The camera will be located at the Chicago High School for Agricultural Sciences, 3857 W. 111th St., and will likely be installed sometime in September.
The cameras are part of a program dubbed the "Children’s Safety Zone Program" and a total of 50 locations will be chosen by the end of 2013 and the city has the potential to install 300 cameras in total, according to a city news release.
"[The program] protects children and other pedestrians by reminding motorists to slow down and obey speed laws – particularly in school and park zones,” said CDOT Commissioner Gabe Klein in a news release.
The logistics of the program work like this:
- Enforcement hours are limited to 7 a.m. to 7 p.m. in safety zones around schools on school days (Monday through Friday);7 a.m. to 4 p.m.: 20 mph speed limit when children are present; 30 mph speed limit when no children are present; and from 4 p.m. to 7 p.m.: 30 mph speed limit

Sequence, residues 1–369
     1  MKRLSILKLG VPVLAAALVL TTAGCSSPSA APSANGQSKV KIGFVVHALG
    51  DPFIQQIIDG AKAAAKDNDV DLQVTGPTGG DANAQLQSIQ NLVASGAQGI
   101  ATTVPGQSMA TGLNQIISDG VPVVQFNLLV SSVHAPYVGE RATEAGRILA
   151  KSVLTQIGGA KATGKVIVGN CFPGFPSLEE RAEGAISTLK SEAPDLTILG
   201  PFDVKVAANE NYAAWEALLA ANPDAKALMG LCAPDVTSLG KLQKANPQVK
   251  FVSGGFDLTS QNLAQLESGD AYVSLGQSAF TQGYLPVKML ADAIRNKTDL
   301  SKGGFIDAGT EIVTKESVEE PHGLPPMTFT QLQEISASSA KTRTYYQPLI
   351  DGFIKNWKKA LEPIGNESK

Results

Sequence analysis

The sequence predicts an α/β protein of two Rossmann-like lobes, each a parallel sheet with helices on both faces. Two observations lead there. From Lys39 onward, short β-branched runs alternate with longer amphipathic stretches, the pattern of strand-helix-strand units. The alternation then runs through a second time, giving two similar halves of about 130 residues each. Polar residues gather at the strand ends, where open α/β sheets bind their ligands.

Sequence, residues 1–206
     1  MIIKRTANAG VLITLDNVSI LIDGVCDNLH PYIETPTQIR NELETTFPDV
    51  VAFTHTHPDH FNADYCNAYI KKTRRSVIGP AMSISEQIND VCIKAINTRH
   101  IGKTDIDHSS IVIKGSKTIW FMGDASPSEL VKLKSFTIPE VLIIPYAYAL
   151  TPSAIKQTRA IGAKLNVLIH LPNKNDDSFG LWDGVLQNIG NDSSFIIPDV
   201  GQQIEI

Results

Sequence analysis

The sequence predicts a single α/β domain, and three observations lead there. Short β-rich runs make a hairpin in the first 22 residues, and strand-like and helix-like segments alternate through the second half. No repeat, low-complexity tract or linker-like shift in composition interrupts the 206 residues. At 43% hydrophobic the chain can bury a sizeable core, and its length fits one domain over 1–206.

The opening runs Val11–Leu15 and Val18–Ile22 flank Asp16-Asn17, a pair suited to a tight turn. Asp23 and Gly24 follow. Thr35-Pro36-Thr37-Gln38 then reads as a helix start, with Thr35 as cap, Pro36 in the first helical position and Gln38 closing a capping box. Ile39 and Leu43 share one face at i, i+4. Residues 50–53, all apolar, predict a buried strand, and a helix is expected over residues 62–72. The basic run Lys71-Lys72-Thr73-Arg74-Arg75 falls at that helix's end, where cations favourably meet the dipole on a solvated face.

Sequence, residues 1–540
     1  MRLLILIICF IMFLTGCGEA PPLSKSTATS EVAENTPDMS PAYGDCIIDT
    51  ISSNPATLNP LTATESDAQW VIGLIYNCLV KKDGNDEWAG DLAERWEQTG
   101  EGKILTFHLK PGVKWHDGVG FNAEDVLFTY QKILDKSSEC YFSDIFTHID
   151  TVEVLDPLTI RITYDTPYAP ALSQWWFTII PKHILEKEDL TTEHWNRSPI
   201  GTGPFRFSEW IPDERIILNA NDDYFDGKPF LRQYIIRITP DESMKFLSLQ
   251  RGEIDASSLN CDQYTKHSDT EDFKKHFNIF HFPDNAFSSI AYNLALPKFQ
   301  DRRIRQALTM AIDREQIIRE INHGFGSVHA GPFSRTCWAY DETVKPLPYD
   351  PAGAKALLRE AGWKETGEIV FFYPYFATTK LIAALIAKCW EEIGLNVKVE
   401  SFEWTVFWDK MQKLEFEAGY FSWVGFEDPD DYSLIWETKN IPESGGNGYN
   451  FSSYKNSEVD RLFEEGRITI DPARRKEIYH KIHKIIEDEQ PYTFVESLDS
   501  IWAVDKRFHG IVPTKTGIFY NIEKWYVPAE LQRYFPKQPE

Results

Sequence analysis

- Enforcement hours for cameras around parks are generally from 6 a.m. to 11 p.m. seven days a week and with a speed limit of 30 mph.
- $35 for vehicles traveling 6 to 10 miles per hour over the posted speed limit while in a safety zone
- $100 for vehicles traveling 11 or more miles over the posted speed limit
In the details of the program released by the city, the funding could be used for a wide variety of projects or programs. Some like crossing guards, after school programs and more police officers around schools seem to fit in with the "for the kids" bent of the camera initiative. Others, like traffic safety improvements and signage is a bit more open-ended.
Another layer of the program is the locations of the cameras. Emanuel says the program is aimed to protect children and is not just a revenue generating effort. However, as the Tribune points out the ordinance limiting cameras to within one-eighth of a mile from schools or parks, yet that wording allows cameras in about half of the city.
During a pilot test of the cameras, about 10 percent of all passing cars could have been cited for speeding. It has been predicted that the potential 300 speeding cameras could bring in hundreds of millions in revenue.
If this new program reminds you of the Redflex efforts, you can read about the issues that arose around that in this Tribune investigation.